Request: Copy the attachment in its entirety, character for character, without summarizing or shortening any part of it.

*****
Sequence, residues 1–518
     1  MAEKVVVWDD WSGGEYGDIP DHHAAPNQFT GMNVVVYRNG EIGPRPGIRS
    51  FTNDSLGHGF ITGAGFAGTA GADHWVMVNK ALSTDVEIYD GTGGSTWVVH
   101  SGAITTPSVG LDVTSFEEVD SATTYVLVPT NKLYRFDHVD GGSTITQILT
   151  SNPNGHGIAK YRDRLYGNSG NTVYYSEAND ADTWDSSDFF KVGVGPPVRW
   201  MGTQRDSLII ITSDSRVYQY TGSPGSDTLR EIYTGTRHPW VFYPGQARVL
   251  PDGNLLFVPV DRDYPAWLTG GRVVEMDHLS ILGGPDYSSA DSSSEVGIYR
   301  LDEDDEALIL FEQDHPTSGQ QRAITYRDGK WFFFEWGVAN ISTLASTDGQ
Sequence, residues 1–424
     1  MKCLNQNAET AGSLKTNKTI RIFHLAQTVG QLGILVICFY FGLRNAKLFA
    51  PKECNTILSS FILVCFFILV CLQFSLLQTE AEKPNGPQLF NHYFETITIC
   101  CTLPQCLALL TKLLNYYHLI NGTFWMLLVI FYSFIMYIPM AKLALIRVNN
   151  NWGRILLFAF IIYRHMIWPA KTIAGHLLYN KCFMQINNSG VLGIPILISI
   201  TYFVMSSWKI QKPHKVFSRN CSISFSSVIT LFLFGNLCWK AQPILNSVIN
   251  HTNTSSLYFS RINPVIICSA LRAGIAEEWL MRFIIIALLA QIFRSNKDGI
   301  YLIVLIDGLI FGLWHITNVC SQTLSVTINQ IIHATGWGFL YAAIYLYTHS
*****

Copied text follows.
Sequence, residues 1–518
     1  MAEKVVVWDD WSGGEYGDIP DHHAAPNQFT GMNVVVYRNG EIGPRPGIRS
    51  FTNDSLGHGF ITGAGFAGTA GADHWVMVNK ALSTDVEIYD GTGGSTWVVH
   101  SGAITTPSVG LDVTSFEEVD SATTYVLVPT NKLYRFDHVD GGSTITQILT
   151  SNPNGHGIAK YRDRLYGNSG NTVYYSEAND ADTWDSSDFF KVGVGPPVRW
   201  MGTQRDSLII ITSDSRVYQY TGSPGSDTLR EIYTGTRHPW VFYPGQARVL
   251  PDGNLLFVPV DRDYPAWLTG GRVVEMDHLS ILGGPDYSSA DSSSEVGIYR
   301  LDEDDEALIL FEQDHPTSGQ QRAITYRDGK WFFFEWGVAN ISTLASTDGQ
Sequence, residues 1–424
     1  MKCLNQNAET AGSLKTNKTI RIFHLAQTVG QLGILVICFY FGLRNAKLFA
    51  PKECNTILSS FILVCFFILV CLQFSLLQTE AEKPNGPQLF NHYFETITIC
   101  CTLPQCLALL TKLLNYYHLI NGTFWMLLVI FYSFIMYIPM AKLALIRVNN
   151  NWGRILLFAF IIYRHMIWPA KTIAGHLLYN KCFMQINNSG VLGIPILISI
   201  TYFVMSSWKI QKPHKVFSRN CSISFSSVIT LFLFGNLCWK AQPILNSVIN
   251  HTNTSSLYFS RINPVIICSA LRAGIAEEWL MRFIIIALLA QIFRSNKDGI
   301  YLIVLIDGLI FGLWHITNVC SQTLSVTINQ IIHATGWGFL YAAIYLYTHS